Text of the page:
Looking ahead, we preview cases currently pending before the Supreme Court—which have already been accepted for review by the Court—that may be of particular interest to readers of the Need-to-Know Litigation Weekly. These cases pertain to various topics in Securities, Enforcement, and, as to one, arbitration.
Supreme Court Denies Petition For Certiorari In Toshiba, Leaving In Place Arguable Circuit Split Regarding Extraterritorial Reach Of Section 10(b)
On June 24, 2019, the United States Supreme Court denied a petition for certiorari to review a decision from the United States Court of Appeals for the Ninth Circuit, which held that a foreign issuer that has no involvement in establishing or selling ADRs can be subject to liability under Section 10(b) of the Securities Exchange Act of 1934 as long as plaintiff purchased or sold the ADRs in a domestic transaction. Toshiba Corp. v. Auto. Indus. Pension Trust Fund, et al., No. 18-486 (U.S. June 24, 2019). Pursuant to its typical practice, the Court did not comment on its reasons for denying certiorari.
Supreme Court Expands Scope Of Confidential Information Disclosure Exemption Under Freedom Of Information Act
On June 24, 2019, the United States Supreme Court, in an opinion by Justice Gorsuch, held that information that “is both customarily and actually treated as private by its owner and provided to the government under an assurance of privacy” is protected from disclosure under the Freedom of Information Act (“FOIA”) pursuant to Exemption 4 thereto, which protects “commercial or financial information obtained from a person and privileged or confidential.” Food Mktg. Inst. v. Argus Leader Media, —U.S.—, 2019 WL 2570624 (June 24, 2019). The Court thus reversed a decision of the Eighth Circuit that had required an additional showing that disclosure would cause “substantial competitive harm.”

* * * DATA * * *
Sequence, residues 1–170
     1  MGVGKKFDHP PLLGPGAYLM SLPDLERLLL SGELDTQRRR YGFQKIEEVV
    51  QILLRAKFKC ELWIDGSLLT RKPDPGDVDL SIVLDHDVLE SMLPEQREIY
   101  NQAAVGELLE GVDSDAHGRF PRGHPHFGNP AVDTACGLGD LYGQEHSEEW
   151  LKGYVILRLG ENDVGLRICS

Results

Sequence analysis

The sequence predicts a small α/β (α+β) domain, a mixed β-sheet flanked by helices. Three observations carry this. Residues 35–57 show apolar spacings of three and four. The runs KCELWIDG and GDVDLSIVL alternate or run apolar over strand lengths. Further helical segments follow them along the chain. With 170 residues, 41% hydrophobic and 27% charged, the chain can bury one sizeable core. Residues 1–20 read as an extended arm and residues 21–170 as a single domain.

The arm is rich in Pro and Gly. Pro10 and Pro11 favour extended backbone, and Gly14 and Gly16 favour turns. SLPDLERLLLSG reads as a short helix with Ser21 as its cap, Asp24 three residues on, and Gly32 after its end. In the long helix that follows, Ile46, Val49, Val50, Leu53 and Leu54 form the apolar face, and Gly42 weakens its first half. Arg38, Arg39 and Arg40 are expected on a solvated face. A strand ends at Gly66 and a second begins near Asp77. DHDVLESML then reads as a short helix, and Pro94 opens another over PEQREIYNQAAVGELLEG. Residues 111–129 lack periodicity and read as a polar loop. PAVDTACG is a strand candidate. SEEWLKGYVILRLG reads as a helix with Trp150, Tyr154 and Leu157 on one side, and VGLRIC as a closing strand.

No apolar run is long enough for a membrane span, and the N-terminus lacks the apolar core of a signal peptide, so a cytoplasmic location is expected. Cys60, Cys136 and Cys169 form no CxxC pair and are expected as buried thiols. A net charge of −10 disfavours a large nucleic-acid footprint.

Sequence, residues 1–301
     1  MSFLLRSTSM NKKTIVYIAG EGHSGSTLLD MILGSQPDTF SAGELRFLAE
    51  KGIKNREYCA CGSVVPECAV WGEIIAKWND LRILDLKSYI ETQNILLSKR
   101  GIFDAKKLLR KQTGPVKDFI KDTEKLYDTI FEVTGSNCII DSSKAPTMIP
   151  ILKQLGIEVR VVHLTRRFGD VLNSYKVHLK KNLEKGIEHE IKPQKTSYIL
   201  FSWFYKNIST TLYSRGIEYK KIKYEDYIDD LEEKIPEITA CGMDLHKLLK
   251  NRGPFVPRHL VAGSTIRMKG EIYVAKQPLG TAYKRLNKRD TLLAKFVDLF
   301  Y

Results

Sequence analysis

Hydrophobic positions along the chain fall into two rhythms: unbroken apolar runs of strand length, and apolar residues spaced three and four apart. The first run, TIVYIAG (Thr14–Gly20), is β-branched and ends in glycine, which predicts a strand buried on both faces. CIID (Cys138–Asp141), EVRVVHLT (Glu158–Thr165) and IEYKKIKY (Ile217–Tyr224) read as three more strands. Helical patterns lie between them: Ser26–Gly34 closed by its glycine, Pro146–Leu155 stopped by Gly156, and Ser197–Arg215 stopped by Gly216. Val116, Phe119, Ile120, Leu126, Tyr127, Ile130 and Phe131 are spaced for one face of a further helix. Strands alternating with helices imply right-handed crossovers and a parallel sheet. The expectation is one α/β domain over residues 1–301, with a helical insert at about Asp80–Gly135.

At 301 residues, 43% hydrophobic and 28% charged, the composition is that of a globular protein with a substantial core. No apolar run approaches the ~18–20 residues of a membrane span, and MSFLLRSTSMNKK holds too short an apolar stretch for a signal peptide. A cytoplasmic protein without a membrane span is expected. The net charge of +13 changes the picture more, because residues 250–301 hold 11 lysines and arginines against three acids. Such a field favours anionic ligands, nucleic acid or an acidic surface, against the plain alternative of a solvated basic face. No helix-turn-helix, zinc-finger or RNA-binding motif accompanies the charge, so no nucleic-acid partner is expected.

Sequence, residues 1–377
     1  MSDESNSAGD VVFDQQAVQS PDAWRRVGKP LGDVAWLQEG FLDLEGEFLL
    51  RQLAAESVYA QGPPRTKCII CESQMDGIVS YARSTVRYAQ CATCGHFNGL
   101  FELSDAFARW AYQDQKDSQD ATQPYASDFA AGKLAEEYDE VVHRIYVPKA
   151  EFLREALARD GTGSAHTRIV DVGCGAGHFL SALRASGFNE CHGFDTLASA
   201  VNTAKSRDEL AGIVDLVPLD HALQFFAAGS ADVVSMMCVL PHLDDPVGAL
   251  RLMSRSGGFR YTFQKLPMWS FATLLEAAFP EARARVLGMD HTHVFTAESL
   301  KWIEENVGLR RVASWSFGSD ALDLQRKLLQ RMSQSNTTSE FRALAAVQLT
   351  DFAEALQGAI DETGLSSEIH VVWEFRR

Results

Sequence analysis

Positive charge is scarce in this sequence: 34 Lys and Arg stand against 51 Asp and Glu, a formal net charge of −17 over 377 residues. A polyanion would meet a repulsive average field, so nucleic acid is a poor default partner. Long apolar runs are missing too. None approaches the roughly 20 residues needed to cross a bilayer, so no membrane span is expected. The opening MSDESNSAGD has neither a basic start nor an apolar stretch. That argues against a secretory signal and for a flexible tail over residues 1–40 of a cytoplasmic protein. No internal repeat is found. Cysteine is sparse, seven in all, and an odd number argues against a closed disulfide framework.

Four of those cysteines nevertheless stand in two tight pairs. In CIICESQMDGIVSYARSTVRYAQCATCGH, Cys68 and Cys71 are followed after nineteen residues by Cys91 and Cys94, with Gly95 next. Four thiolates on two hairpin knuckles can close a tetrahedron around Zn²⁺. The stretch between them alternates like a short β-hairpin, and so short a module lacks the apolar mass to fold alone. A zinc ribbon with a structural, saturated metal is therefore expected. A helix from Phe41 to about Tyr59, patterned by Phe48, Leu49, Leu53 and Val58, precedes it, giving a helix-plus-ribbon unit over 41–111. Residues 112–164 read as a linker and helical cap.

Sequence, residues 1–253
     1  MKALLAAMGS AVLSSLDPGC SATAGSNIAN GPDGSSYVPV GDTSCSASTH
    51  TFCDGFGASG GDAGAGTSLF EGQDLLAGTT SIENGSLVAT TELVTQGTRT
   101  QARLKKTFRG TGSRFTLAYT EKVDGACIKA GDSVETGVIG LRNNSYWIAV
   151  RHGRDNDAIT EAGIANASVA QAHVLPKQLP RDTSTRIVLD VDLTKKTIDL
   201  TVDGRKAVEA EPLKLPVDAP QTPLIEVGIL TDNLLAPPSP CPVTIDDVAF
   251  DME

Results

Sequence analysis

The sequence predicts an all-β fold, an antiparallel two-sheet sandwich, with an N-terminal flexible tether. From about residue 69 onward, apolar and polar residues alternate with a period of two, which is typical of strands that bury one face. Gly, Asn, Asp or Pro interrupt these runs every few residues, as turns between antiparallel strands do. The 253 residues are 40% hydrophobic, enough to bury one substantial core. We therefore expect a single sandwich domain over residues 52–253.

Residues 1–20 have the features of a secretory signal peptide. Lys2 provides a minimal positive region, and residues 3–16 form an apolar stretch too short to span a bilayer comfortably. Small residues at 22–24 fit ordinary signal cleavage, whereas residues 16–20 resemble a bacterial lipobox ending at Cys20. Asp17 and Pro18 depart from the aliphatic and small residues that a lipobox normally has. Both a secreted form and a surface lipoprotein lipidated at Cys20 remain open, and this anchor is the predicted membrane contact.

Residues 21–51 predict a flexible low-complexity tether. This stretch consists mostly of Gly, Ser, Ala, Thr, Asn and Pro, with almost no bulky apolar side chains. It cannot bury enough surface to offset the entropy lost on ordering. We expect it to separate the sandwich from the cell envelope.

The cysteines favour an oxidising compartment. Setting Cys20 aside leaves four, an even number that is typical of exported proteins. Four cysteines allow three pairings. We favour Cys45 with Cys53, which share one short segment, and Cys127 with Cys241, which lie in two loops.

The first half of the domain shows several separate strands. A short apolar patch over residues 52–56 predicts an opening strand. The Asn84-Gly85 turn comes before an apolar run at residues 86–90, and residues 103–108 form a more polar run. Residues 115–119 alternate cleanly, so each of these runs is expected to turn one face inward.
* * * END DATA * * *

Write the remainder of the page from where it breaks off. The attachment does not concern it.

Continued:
Third Circuit Upholds Customer’s Right To FINRA Arbitration Despite Brokerage Agreements’ Forum-Selection Clause Providing Right To Litigate In Federal Court
On August 7, 2018, the U.S. Court of Appeals for the Third Circuit affirmed a district court order compelling defendant, a broker-dealer and member of the Financial Industry Regulatory Authority (FINRA), to submit to FINRA arbitration, even though the broker-dealer agreements with plaintiff contained a forum-selection clause providing that all actions and proceedings arising out of the agreements and underlying transactions had to be filed in federal court in New York. See Reading Health Sys. v. JPM Secs., No. 16-4234 (3d Cir. Aug. 7, 2018). The Court held that, because the forum-selection clauses in broker-dealer agreements did not explicitly reference arbitration, it lacked the specificity required to advise plaintiff that it was waiving its affirmative right to arbitrate under FINRA’s rules.
U.S. Supreme Court Holds That Only Statutory Appellate Filing Deadlines Are Jurisdictional; Non-Statutory Deadlines Can Be Waived
On November 8, 2017, the Supreme Court of the United States, in a unanimous decision, held that not all deadlines for filing appeals are jurisdictional; instead, if a time limit on filing an appeal appears only in a court-made rule, and not in a statute, the limitation is a “claim-processing rule,” not a jurisdictional bar, and therefore can be waived or forfeited. Hamer v. Neighborhood Hous. Servs. of Chicago
, 583 U.S. —, 2017 WL 5160782 (2017). On this basis, the Court vacated the Seventh Circuit’s dismissal of petitioner’s appeal for lack of jurisdiction, remanding for further proceedings.
Second Circuit Overturns District Court Denial Of Leave To Add Securities Fraud Claims Because Release Clause In Stock Sale Agreement Violated Anti-Waiver Provision Of The Exchange Act
On July 13, 2017, the United States Court of Appeals for the Second Circuit vacated a part of a district court decision denying a plaintiff’s motion to amend a complaint to add securities fraud claims based on a contractual release of claims on the ground that “blanket releases” from compliance with federal securities laws were barred by the anti-waiver provision of the Securities Exchange Act of 1934 (the “Exchange Act”). Pasternack v. Shrader
, et al.
No. 16-217 (2d Cir. July 13, 2017). This provision provides that “[a]ny condition, stipulation, or provision binding any person to waive compliance with any provision of [the Exchange Act] or any rule or regulation [promulgated] thereunder . . . shall be void.” 15 U.S.C. § 78cc(a).